Directed by Edward Zwick (1998's "The Siege"), "The Last Samurai"
plays like a shallow, cut-rate version of his 1989 Civil War masterpiece,
"Glory." An epic love letter to the Japanese samurai culture, the
film's well-meaning ideology ultimately collapses in a film that falls
victim to muddled storytelling and thinly drawn characters whom we
never get a firm grasp on. When all is said and done, only some beautifully
photographed, CGI-enhanced vistas (courtesy of cinematographer John
Toll) and a stunning climactic battle sequence manage to stand out.
Opening in 1876 San Francisco, Nathan Algren (Tom Cruise) is a sad,
boozy former Civil War hero who has lost direction in his life. When
he is offered a grand sum of money he can't refuse, Nathan finds himself
traveling to Japan to teach modern warfare to the Emperor's (Shichinosuke
Nakamura) troops, who wish to stop the renegade tactics of nearby
samurai rebels led by Katsumoto (Ken Watanabe). When their face-off
goes awry, Nathan is spared from death and held captive in the samurai
village. Finding himself living with Katsumoto's resentful sister,
Taka (Koyuki), whose husband he killed on the battlefield, Nathan
gradually becomes sympathetic to the samurai's causethat of stopping
the rising modernism in Japanand enraptured in their way of life.
When he is finally given the chance to return to Tokyo and pick up
his prior commission following the winter months of 1876 a nd early
1877, Nathan has changed so much in his viewpoints that he is unsure
of what to do: resume a job commitment that will give him money, or
swap sides and risk his life for something he actually believes in.
"The Last Samurai" wishes to deem the importance of loyalty, standing
by your comrades, and dying for a meaningful cause, but it is a questionable
message the film fails to persuade the viewer on. Even at a hefty
running time of nearly two-and-a-half hour, it is amazing how little
depth or passion is brought to any of it. The predicament that lies
before Nathan and the samurai warriors is laid out solely on the surface
and not satisfactorily developed. Why, really, does Nathan garner
an affinity for the samurai culture, going as far as learning fluent
Japanese in a matter of a couple months? Writer-director Edward Zwick
and co-writers John Logan and Marshall Herskovitz never salvage a
plausible explanation for it. And why should viewers side with them
and actually car e about the outcome of the fight when the culture
was more emphatically and poignantly displayed even in only a few
wordless sequences in 2003's "Lost in Translation?" "The Last Samurai"
is so built on common Hollywood movie cliches and superficial, jingoistic
messages that it achieves no identity of its own.
The relationship that builds between Nathan and Katsumoto, first of
intolerance and then of keen understanding, should have been the heart
of the story but comes off as little more than an afterthought. There
is no genuine soul to their scenes together, only a spew of wannabe-existentialist
conversations that would be right at home in Terrence Malick's staggering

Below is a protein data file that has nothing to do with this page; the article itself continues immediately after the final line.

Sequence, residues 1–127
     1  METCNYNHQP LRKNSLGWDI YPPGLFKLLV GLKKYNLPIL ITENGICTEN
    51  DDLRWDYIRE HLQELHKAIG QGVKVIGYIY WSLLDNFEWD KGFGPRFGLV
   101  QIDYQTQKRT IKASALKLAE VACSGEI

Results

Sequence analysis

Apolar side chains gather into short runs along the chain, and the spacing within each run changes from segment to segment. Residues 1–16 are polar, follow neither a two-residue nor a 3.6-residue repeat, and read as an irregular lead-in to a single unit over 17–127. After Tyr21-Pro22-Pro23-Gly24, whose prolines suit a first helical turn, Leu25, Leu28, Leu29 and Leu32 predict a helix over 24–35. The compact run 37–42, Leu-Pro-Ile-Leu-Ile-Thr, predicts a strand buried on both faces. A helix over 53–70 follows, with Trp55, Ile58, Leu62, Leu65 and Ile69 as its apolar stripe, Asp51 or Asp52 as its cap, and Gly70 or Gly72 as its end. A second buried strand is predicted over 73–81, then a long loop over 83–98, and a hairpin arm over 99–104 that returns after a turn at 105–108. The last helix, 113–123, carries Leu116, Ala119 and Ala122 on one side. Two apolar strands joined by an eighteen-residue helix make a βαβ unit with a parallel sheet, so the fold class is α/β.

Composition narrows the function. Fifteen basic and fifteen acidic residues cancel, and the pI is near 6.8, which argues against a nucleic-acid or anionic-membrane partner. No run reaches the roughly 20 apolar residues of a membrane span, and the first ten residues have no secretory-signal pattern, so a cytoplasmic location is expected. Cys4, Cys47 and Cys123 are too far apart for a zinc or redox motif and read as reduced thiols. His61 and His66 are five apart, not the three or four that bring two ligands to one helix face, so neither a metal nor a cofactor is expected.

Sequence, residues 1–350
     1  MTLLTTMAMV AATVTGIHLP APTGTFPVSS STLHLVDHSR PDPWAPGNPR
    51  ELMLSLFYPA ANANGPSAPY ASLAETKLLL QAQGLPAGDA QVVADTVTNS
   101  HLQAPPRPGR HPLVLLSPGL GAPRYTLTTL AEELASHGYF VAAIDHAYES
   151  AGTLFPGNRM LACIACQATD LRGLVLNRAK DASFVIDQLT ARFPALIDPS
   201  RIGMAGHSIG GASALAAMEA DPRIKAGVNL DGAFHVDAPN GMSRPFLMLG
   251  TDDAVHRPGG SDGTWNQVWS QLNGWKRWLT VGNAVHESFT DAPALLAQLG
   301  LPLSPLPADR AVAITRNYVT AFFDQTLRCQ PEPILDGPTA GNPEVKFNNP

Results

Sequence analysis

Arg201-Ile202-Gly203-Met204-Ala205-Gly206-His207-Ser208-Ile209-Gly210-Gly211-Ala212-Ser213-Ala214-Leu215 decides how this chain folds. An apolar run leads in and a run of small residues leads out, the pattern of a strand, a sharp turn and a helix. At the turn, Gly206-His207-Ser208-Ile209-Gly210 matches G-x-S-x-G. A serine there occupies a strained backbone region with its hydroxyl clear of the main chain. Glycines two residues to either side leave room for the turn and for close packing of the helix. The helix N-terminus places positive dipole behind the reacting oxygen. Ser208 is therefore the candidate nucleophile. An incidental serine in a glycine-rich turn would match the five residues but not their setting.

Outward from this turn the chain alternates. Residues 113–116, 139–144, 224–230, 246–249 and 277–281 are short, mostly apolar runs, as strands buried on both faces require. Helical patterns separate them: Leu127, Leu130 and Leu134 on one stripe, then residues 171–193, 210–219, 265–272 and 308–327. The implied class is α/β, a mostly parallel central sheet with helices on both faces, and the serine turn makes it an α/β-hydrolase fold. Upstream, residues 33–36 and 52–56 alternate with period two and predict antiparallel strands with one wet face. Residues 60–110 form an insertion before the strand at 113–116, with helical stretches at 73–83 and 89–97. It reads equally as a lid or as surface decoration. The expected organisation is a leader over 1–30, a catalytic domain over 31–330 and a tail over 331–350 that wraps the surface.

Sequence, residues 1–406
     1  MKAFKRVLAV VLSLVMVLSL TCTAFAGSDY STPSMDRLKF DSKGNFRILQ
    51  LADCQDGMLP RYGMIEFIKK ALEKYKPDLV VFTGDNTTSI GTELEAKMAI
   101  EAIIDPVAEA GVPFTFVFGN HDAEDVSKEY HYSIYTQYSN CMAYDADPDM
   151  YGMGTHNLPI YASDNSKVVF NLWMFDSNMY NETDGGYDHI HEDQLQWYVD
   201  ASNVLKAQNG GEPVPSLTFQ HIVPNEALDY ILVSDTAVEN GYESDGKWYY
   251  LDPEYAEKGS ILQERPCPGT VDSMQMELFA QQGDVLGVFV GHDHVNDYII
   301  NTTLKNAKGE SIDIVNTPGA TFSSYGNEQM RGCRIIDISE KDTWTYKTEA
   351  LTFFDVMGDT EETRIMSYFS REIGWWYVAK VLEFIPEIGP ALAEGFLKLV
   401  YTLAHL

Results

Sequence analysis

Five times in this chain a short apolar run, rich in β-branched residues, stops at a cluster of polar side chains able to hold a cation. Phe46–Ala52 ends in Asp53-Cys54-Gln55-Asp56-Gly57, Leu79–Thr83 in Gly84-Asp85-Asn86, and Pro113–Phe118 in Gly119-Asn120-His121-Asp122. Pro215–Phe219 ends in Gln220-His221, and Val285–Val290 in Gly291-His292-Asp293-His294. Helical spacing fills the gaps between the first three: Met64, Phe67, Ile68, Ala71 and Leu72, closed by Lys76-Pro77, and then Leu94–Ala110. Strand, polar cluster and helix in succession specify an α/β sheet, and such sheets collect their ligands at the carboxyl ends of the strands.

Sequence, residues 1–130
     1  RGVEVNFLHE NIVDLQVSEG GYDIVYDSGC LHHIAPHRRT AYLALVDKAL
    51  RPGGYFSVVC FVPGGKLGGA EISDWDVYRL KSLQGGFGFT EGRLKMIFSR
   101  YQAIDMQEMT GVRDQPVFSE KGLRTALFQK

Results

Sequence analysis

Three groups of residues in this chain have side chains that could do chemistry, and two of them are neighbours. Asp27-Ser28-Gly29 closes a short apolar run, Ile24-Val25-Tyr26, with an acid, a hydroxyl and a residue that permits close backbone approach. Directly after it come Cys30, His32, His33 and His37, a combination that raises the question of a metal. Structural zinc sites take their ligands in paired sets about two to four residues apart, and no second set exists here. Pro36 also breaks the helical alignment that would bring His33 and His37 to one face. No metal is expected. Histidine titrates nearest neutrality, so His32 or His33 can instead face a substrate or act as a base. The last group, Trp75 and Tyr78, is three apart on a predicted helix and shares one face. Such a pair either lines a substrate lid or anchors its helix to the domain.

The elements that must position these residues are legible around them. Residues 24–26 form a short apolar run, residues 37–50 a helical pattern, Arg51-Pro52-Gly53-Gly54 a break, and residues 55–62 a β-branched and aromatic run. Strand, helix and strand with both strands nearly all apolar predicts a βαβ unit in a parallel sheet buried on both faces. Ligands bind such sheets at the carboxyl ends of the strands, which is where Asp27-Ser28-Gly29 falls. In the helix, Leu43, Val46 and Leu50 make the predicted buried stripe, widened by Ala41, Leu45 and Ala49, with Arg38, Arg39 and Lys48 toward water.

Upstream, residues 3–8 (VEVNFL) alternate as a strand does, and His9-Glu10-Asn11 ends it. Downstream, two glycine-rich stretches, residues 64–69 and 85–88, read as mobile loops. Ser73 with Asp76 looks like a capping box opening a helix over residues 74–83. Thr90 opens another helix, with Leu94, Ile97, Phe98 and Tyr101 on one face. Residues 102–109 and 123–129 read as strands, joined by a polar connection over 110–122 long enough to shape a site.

1998 war drama, "The Thin Red Line," if they didn't lack that film's
achieved profundity. Likewise, the borderline-embarrassing romantic
subplot between Nathan and Taka offers no reason for why these two
have an attraction or human connection for each other. Their love
story is nothing more than sheepish sideway glances and no heart.
Other relationships, including the strained one between Nathan and
his former commander, Col. Benjamin Bagly (Tony Goldwyn), and another
between Nathan and a British translator-photojournalist (Timothy Spall),
are vapidly rendered.
Tom Cruise (2002's "Minority Report") has never given a bad performance,
and his take on Nathan is no exception. Cruise ably provides a conflicted
intensity to his role of a man who has been emotionally lost for so
long he has forgotten what it means to be passionate about something;
it is too bad, then, that the thing that breaks him of this afflictionhis
run-in with the samurai cultureis so effectively inert. As Taka, who
speaks all of about five or six lines in the whole movie, Koyuki is
a pretty f ace who knows how to make pensive expressions and not much
else. Strangely, the American-Japanese romance between Nathan and
Taka somewhat recalls and monumentally pales in comparison to the
far more powerful one between Ethan Hawke and Youki Kudoh in 1999's
exquisite "Snow Falling on Cedars."
Even with its confused messages of sacrifice and loyalty during war,
the climactic battle sequence between the Emperor's forces and the
samurai warriors is a technical triumph of cinematography and editing
that captures one's attention and doesn't let go. It also holds the
film's most hauntingly poetic shot, which the title blatantly foreshadows.
Unfortunately, what comes in the 100-plus minutes before this enrapturing
30-minute conclusion is not worth the time or the wait. "The Last
Samurai" wants to be a cogent, contemplative Oscar contender, and
makes no bones about it. The result is something quite different,
howev er, sinking even as it cluelessly wears its unconvincing, paper-thin
emotions on its sleeve.
Copyright © 2003 Dustin Putman